Tag Archives: Leadership


Asking the question, “What’s your why?” has become fashionable to the point of cliché. The intent is to explore purpose and personal meaning. In the workplace, companies are structured like ladders with each organizational layer asking (and ideally solving), “How, When, Who, What and Why” questions. Companies with work execution problems must resolve their “How–Why” gap to achieve organizational alignment.

Breaking Down The How-Why Gap

So what is the How–Why gap? Employees who ask a lot of “how?” questions are most likely working at the ground level – where the work gets done; making journal entries, receiving and shipping goods, or producing widgets. Employees who ask “when?” and “who?” questions, are likely planners / schedulers, front-line supervisors or entry level managers. People who ask “what?” questions are people who prioritize work – Senior Managers and Directors. At the pinnacle of the organization, members of the C-suite often find themselves asking a lot of “why?” questions to set strategic priorities and the purposes of the organization.

“The frontline often does not understand why, and the Executives often don’t understand how.”

When front-line employees venture to ask why questions amongst themselves in the breakroom, they often lack insight into the forces that drive the why strategies. By the same token, it is rare for Executives to understand how the work gets done. Simply put, the frontline often does not understand why, and the Executives often don’t understand how. The greater the misalignment between the why actions taken by the C-Suite and the how execution on the shop floor, the stronger the cultural cognitive dissonance throughout the organization. I call this the “How-Why” gap. Scott Adams, the creator of the workplace cartoon “Dilbert” became famous by satirizing the “How–Why” gap between Dilbert and the Pointy-Haired Boss.

Aligning the How, the Why and everything in between

Reconciling the “How–Why” gap is where USC Consulting Group shines. Many consultants offer Executives ideas on emerging strategies, but few consulting companies get to the how of a company’s point of work execution problems. USC does this by working hand in hand with shop floors, ground level staff and front-line supervisors. We trace activities from their origin through to their completion and identify improvement opportunities along the process journey.

But USC doesn’t stop at understanding how the work gets done, we move up the work ladder to address misalignments with the Who and When, the What and the Why challenges facing the organization. Once insight is gained into the current state, we dive deeply into planning and scheduling inefficiencies where who and when questions are resolved. As one of our senior partners is keen to remind us, USC stands for the “Universal Scheduling Company.” Not only is master scheduling and resource capacity planning our heritage, but it is literally part of our name.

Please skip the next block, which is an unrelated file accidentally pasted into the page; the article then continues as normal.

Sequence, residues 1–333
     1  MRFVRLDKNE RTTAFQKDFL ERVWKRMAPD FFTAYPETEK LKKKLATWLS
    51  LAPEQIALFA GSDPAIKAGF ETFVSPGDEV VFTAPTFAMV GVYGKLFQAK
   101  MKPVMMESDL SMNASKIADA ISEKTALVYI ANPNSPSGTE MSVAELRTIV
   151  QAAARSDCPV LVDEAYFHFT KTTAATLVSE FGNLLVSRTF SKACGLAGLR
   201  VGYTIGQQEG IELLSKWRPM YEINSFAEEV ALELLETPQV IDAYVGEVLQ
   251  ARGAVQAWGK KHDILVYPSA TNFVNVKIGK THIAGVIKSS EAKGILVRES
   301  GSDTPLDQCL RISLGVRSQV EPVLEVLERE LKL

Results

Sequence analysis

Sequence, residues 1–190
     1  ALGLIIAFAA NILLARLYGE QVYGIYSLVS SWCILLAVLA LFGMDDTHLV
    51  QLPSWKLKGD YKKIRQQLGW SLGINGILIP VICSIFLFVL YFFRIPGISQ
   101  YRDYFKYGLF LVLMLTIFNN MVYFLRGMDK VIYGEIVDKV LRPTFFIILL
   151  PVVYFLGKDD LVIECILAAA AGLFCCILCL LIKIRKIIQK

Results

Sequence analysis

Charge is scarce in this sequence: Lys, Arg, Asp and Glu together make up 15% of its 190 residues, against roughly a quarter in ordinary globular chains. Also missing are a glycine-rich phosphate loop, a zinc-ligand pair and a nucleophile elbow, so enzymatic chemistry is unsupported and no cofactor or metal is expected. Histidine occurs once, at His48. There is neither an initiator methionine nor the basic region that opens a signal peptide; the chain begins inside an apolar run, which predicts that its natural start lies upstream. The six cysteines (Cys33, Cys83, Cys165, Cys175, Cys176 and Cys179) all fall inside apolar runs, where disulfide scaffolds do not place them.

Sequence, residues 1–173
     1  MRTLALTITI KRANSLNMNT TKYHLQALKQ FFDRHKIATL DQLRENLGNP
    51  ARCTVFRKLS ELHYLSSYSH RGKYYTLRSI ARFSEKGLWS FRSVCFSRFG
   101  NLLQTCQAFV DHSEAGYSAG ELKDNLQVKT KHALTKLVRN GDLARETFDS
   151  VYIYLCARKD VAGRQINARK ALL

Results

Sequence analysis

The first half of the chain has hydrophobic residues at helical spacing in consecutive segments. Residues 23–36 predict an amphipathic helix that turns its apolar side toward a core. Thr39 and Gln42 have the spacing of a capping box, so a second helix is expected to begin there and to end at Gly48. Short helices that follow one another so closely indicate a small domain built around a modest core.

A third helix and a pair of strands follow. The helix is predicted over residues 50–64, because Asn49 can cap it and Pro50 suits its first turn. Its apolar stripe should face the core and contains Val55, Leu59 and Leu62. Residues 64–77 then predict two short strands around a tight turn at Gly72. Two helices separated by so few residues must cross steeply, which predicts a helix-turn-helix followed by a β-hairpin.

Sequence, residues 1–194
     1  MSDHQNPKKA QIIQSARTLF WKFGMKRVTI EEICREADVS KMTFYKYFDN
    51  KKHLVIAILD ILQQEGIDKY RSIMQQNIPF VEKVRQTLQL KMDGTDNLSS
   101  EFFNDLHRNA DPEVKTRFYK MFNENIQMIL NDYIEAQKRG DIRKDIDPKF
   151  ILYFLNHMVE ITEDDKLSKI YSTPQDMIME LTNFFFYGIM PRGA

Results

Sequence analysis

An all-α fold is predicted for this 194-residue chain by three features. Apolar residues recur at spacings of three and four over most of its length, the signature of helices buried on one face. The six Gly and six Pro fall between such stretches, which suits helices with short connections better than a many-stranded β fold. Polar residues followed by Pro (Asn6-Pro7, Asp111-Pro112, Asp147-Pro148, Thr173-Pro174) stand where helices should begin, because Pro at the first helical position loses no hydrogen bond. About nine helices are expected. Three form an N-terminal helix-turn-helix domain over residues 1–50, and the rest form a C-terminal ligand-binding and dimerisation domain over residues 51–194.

Getting answers to what questions can be among the most challenging because these questions demand prioritization. Managers and Directors who are embroiled in answering what questions are often battling for limited resources (budget and headcount), trying to keep their personal initiatives high on the priority list. This rung of the ladder is where most corporate politics are fought out.

USC Consulting Group’s expertise is developing continuous process improvement action plans that narrow How–Why misalignments. As the improvements we recommend take hold, the cumulative brainpower of the human capital in your organization is unleashed improving cycle times, availability, throughput, cost, quality, reliability, or any KPI that measures the effectiveness of your company’s why. Front line employees can answer “how do we execute our why?”  Managers can answer “who will execute our why and when will we do it? Directors can answer, “what initiatives need to be prioritized to execute our why?” and Executives can effectively map the strategic course to answer, “what is our organizational why?”

This detailed infographic illustrates the importance of each role and how to achieve optimal organizational alignment:

The How-Why Gap Infographic

If your company needs help with organizational alignment and closing your How-Why gap, please contact us today.

Need more horsepower for your change management project

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Leo Tolstoy once said: “Everyone thinks of changing the world, but no one thinks of changing himself.

How true that is. Sure, he was talking about the Russian Revolution, but the words of the author of War and Peace, considered by some to be the greatest novel ever written, are just as applicable in today’s manufacturing workplaces as they were back then. It’s especially true when manufacturers are going through the process of implementing Lean Six Sigma.

When you’re talking about a culture change as big as Lean Six Sigma (LSS), it can feel a bit like your company is going through a revolution. And as Tolstoy so astutely pointed out, changing the “world” — your workplace culture, processes and procedures — is all well and good, but changing oneself and one’s role in it? Is that really necessary? As hard as it is for many managers and top leadership to hear, the answer to that question is “yes.”